Anand Giridharadas in the NYT:
I came to Umred to write about a riot. A few months earlier, power blackouts that rural Indians always suffered silently triggered a violent reaction. Why? Umred was just another small town in the middle of nowhere, dusty and underwhelming. But Umred had begun to dream, townspeople told me, because of television, because of cousins with tales of call-center jobs and freedom in the city. Once Umred contracted ambition, blackouts became intolerable. A psychological revolution, a revolution in expectations, had taken place.
“Electricity is essential to ambition,” an energetic young man named Ravindra Misal explained to me, “because I need it to do my homework, I need it to listen to music if I am a dancer, I need it to listen to tapes of great speakers, I need it to surf the Internet. But I cannot, so people get angry.” Over plates of mutton and chicken, Misal and his friend Abhay offered examples of the little things that were changing in Umred: young men hunting online for wives, farmers’ sons deserting the farms to work at a bank in a nearby town, a deluge of students signing up for English classes. And beauty pageants. “I see Fashion TV on television, Miss India contests in the big cities,” Misal said. “So I thought, Why can’t we have that also?” And so he organized the first Mr. and Miss Umred Personality Contest, which seemed to be half about physical appearance and half about the communication skills that are all the rage in small-town India.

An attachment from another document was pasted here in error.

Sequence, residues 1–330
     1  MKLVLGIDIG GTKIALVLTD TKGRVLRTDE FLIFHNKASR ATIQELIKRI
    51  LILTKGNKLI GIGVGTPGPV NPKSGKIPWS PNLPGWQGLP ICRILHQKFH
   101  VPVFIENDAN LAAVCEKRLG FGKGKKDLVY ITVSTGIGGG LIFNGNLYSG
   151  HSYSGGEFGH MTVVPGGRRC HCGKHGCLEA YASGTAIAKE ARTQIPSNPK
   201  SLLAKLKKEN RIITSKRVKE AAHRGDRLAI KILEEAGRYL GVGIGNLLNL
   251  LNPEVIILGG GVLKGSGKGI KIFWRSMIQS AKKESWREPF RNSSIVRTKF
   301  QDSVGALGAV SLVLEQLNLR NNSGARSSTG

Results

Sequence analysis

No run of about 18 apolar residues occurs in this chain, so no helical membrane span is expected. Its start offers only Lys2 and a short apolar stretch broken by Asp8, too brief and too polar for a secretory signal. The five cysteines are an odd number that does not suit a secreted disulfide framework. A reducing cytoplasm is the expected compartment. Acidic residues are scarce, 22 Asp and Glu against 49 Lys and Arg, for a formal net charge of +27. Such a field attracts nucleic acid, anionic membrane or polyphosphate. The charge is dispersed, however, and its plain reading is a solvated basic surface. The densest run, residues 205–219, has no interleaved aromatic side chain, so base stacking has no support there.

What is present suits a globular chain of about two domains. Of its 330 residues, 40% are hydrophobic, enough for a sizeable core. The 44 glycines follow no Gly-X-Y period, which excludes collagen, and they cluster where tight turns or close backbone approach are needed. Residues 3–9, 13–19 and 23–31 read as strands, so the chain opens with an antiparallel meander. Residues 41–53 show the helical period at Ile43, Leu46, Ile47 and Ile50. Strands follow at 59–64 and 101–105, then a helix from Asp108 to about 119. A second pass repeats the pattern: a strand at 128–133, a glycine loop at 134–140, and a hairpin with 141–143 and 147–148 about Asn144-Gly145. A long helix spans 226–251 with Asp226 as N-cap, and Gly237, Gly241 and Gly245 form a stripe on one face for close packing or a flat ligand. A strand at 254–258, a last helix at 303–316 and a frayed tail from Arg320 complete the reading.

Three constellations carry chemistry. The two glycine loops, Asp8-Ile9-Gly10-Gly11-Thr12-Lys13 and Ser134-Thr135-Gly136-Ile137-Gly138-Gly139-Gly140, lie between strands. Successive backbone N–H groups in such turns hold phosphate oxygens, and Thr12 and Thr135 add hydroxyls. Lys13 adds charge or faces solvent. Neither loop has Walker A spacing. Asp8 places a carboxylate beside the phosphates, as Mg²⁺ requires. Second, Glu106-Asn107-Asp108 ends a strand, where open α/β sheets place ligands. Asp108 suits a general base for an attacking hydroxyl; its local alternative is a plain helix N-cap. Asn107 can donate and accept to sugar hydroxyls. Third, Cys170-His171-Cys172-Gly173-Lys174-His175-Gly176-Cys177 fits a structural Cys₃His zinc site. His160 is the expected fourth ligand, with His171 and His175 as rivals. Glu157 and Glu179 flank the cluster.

Misal embodies the type of person who will truly transform India: not an engineer or a financier, but an average person who refuses to be satisfied with the status he was born to. Umred rioted because its people had somehow acquired the courage of their own dissatisfaction. But what kind of India will they build?